How is a patent invalidated?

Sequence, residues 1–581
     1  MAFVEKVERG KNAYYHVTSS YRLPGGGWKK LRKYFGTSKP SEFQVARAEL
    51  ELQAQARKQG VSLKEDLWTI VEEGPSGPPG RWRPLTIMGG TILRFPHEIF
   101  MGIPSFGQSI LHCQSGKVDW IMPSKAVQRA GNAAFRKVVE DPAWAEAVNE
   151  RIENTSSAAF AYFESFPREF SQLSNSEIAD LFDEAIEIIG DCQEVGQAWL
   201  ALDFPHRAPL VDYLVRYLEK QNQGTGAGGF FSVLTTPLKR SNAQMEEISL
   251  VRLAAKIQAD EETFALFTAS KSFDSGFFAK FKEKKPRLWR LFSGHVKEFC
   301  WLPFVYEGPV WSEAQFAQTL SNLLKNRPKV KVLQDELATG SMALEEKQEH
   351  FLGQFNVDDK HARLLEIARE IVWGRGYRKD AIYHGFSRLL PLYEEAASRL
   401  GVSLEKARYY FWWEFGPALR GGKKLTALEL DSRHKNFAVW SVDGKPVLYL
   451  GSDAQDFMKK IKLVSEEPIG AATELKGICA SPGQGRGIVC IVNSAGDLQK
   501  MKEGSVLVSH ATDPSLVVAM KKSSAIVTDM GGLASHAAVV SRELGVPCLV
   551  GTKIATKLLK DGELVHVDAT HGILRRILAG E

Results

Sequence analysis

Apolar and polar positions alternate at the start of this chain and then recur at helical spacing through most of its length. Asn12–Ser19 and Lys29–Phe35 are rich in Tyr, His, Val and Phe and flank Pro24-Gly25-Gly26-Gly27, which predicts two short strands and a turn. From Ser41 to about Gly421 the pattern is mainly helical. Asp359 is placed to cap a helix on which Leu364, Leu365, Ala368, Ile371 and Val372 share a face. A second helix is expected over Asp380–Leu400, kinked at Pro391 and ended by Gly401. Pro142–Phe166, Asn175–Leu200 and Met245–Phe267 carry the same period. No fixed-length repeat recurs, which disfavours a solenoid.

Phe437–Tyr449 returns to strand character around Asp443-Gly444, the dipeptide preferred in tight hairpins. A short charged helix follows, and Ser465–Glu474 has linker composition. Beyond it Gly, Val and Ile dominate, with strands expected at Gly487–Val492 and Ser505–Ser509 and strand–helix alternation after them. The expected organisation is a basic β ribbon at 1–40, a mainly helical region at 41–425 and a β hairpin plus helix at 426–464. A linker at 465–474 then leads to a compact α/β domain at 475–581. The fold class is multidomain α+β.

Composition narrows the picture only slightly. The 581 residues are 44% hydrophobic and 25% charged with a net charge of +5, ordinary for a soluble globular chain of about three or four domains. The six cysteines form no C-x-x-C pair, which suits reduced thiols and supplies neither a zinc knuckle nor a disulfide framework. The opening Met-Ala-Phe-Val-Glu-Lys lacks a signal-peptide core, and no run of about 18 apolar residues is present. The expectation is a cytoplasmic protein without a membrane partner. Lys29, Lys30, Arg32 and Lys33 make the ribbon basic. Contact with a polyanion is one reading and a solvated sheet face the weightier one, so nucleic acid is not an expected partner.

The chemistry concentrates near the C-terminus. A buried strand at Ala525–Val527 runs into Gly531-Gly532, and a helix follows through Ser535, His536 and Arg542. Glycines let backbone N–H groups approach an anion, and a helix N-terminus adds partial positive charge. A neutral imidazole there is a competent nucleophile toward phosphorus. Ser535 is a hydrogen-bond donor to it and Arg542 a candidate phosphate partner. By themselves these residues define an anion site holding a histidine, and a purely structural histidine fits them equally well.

When a patent is granted by the PTO there is what is known as a presumption of validity about the patent - that is, because the PTO granted the patent, the patent is assumed to be valid. Thus, it is later difficult to argue that a patent is actually invalid because this deference is given to the decision made by the PTO in granting the patent. So typically, when one tries to invalidate a patent, they will look for prior art which was not found by the PTO before it originally granted the patent. Because this prior art was not used in the decision to grant the patent, the same level of deference is not given to the PTO in this situation. So if it can be shown that this prior art would have prevented the patent from being granted in the first place (for example, in light of the new prior art, the patented invention may not be novel), then the patent can be invalidated, and the patent owner loses any rights to protect his invention.